Editorial: On the local in localised disaster risk reduction

Disaster Prevention and Management

ISSN: 0965-3562

Article publication date: 11 November 2022

Issue publication date: 11 November 2022



Gaillard, J.C. (2022), "Editorial: On the local in localised disaster risk reduction", Disaster Prevention and Management, Vol. 31 No. 5, p. 493. https://doi.org/10.1108/DPM-11-2022-420



Emerald Publishing Limited

Copyright © 2022, Emerald Publishing Limited

We hear everywhere that disaster risk reduction needs to be localised, that is, to be downscaled to as close as possible to people who suffer the most in facing what we call disasters. Fair enough. We know that local people are the so-called first line of defence in dealing with hazards of all sorts and that, in dealing with these threats, they are resourceful and knowledgeable. We also recognise that local people know their surroundings better than anyone else and that they are those most interested in saving their lives and livelihoods.

On such basis, localised disaster risk reduction most often focusses on local places, local stakeholders and local actions. Local places are the geographical venues, where hazards occur and people suffer, where resources and knowledge are available. Local stakeholders are the people at risk as well as the local government agencies and local NGOs who are believed to be the best partners with a fine-grained knowledge of the context. Local actions are meant to be crafted after local concerns based on local resources so that they best meet the priorities of those at risk.

If this seems obvious and justified it is also all pointless if the issues, concepts, methods and tools we focus on and use are imported from elsewhere; the global. As if disasters, which we all acknowledge are social constructs, could be understood with the same universal concepts and methods across very diverse societies and cultures around the world. Then the local is a token. It is a mere pot to cook a well-known same recipe imposed upon local people all around the world, whether they like it or not.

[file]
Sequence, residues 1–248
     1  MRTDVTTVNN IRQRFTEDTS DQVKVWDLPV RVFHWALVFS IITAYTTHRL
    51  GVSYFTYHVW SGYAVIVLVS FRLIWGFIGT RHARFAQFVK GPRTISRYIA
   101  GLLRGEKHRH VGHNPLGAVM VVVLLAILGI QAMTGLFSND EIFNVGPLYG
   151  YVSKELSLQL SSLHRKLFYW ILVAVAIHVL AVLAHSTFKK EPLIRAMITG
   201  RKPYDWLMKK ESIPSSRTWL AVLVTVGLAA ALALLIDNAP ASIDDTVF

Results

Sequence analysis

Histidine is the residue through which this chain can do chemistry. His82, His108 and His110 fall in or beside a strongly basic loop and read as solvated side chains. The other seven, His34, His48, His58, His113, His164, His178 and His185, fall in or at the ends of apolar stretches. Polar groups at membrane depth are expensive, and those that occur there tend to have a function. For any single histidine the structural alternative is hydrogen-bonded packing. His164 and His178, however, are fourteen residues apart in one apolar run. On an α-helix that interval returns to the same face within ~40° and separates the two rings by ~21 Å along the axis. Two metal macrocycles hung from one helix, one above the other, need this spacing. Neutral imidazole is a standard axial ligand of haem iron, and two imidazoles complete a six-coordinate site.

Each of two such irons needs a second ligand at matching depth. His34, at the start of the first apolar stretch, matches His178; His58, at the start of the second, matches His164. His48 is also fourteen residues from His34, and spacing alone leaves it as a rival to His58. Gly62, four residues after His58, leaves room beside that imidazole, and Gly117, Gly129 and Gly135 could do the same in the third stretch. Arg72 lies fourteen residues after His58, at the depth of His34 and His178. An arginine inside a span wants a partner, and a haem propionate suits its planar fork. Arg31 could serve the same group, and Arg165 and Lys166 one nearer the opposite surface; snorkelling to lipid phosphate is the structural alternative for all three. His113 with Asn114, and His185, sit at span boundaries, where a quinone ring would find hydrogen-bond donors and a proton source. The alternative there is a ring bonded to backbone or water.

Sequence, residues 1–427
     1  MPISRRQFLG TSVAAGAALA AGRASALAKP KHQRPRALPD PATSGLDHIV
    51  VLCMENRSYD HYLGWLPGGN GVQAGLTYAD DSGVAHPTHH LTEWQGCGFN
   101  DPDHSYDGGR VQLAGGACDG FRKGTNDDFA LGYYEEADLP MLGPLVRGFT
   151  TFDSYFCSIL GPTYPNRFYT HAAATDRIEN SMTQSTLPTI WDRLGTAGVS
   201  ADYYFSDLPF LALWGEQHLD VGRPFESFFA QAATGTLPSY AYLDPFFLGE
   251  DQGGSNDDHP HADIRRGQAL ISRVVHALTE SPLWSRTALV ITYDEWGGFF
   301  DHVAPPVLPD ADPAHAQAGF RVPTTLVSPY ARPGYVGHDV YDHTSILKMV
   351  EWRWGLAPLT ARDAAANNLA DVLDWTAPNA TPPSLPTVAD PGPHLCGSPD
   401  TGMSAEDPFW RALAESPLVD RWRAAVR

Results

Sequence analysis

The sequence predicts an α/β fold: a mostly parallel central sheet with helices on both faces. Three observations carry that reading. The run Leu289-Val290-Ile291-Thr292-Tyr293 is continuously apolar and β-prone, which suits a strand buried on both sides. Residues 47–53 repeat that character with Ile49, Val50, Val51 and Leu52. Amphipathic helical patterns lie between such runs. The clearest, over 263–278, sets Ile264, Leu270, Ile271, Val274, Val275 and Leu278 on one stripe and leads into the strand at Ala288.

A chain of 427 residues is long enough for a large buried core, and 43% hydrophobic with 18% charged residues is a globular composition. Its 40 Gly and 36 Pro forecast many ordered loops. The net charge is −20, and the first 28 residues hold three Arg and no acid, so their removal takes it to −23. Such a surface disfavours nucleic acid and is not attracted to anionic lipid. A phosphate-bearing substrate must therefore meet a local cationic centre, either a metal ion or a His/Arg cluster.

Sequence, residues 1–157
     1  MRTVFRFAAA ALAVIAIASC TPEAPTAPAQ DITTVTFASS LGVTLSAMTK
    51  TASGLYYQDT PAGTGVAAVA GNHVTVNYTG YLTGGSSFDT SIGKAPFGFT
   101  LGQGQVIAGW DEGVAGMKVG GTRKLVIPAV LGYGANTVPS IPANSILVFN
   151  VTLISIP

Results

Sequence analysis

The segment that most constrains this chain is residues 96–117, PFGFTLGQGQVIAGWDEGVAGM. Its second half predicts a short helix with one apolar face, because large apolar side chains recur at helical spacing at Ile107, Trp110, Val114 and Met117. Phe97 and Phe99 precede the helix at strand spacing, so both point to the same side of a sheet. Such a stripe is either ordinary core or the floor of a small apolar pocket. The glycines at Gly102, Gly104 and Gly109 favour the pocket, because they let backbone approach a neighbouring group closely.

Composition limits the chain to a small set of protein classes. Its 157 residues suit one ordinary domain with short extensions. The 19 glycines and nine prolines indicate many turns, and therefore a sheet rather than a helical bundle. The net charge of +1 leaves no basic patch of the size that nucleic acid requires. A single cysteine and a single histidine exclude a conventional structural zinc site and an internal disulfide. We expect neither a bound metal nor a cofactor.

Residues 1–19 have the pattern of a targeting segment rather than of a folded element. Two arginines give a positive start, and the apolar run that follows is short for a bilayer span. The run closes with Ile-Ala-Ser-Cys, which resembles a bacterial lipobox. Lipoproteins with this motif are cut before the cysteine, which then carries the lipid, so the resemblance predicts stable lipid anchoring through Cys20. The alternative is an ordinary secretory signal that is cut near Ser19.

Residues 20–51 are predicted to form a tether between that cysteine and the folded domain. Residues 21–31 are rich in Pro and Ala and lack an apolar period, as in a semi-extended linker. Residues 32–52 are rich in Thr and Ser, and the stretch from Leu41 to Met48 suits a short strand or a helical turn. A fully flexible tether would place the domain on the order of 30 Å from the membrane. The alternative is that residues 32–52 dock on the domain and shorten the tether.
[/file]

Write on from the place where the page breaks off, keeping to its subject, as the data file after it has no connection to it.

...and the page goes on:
Ultimately, the local should be about local understandings of the world. Localised disaster risk reduction should therefore interrogate what a disaster is locally, if ever such a thing exists outside of the Western concept imposed everywhere. Localised disaster risk reduction means moving away from such Western ideas that, most often, do not make any sense outside of their cradle; concepts that we cannot even translate in many languages around the world. Localised disaster risk reduction thus entails challenging the taken-for-granted assumption that disasters sit at the interface between hazards and vulnerability that we have inherited from 18th-century Europe.

Where should we start then? The most tangible entry point to people's understanding of the world is probably their language. Language tells what people fear, what they value, how they create and share knowledge and how they do things to alleviate their fears using available knowledge. Localised disaster risk reduction requires understanding if we want the recipe to be cooked using local ingredients and utensils to meet local tastes.

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